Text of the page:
Guam Department of Education schools may open classes for face-to-face instruction on Jan. 19, 2021, a week after the initial Jan. 11, 2021, date. 

GDOE Superintendent Jon Fernandez, during a regular Safe and Healthy Schools work session on Friday, said he was open to delaying the start date, as that would give schools extra time to ensure preparations are complete, as well as extra time for the department to consider holding parent and student orientations. 

The other consideration is the holiday break. Guam has seen a decline in COVID-19 cases since late November, which led to more reassuring results for both Guam's COVID-19 Area Risk Score and GDOE's own risk assessment. 

However, teachers and staff are concerned with whether the island would move in the opposite direction following the holidays, Fernandez said. 

"If we start on the 19th, I guess that would give us enough time to get through that incubation period and even additional days, and maybe let the teachers and staff who are going to be on the front lines feel more comfortable," he added.   

On Dec. 22, the education department will submit a recommendation on reopening to the Guam Education Board for its decision.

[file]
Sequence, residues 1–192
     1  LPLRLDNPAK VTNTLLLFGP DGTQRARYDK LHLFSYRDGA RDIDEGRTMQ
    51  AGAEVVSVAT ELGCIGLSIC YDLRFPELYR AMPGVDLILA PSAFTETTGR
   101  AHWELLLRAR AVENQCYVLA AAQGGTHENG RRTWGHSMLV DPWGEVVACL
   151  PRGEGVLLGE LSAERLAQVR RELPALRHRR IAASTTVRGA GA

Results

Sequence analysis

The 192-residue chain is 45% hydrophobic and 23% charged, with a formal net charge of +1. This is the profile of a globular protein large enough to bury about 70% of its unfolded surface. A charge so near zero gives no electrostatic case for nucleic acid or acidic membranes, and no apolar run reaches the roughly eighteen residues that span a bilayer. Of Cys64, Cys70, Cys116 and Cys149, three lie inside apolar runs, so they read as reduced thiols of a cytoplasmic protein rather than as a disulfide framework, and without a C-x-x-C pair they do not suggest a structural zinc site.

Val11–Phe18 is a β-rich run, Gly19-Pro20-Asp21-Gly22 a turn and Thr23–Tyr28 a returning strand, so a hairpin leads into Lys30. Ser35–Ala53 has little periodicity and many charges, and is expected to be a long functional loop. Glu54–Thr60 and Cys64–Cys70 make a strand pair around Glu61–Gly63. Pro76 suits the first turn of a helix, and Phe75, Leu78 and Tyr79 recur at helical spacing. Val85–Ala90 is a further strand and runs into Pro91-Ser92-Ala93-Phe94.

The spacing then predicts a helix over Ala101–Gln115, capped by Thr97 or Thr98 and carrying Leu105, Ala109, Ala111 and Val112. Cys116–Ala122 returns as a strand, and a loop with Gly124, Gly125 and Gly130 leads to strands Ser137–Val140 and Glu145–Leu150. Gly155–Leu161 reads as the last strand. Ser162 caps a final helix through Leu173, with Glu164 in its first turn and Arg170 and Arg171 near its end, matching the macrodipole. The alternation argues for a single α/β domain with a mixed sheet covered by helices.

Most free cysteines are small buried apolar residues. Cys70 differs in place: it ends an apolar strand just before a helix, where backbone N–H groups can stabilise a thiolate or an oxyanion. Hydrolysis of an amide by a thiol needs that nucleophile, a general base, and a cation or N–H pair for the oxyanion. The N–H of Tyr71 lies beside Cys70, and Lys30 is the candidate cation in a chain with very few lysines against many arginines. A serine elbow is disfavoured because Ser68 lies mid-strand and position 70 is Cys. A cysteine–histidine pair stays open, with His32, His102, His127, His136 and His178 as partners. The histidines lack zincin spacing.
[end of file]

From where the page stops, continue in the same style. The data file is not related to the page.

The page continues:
The governor's authorization is needed before public or private schools can open, but GDOE has been developing reopening plans in anticipation of potentially resuming face-to-face instruction in January. 

Adelup is optimistic about schools opening next year, but hasn't given a date when the governor might make her decision. Even if the governor's authorization is granted and GDOE opens schools by Jan. 4, Fernandez has stated that the first week may be dedicated to training teachers and staff.

That means Jan. 11 would be the actual first day of classes, unless GDOE proceeds with recommending the one-week delay. Fernandez noted during Friday's work session that GDOE will open schools when it feels it can do so comfortably. 

Another proposal is to phase in the return to face-to-face instruction, with elementary schools being the first to start and secondary schools following a week after. That also might make it easier for the Department of Public Works to ensure proper bus operations, although GDOE is waiting for feedback on whether DPW is ready to proceed. 

GDOE's online and hard copy distribution options will still be available along with face-to-face instruction.

Only about 34% of parents surveyed by the department said they would send their children to school. Dec. 18 marked the last day that parents could register students for face-to-face classes. 

Fifty-six percent of students stated they were somewhat comfortable to very comfortable returning to face-to-face instruction. 

GDOE also surveyed students who were 18 years old or older about whether they would return to face-to-face instruction. Similar to parents, 34% of the 309 students surveyed stated they would attend face-to-face classes. 


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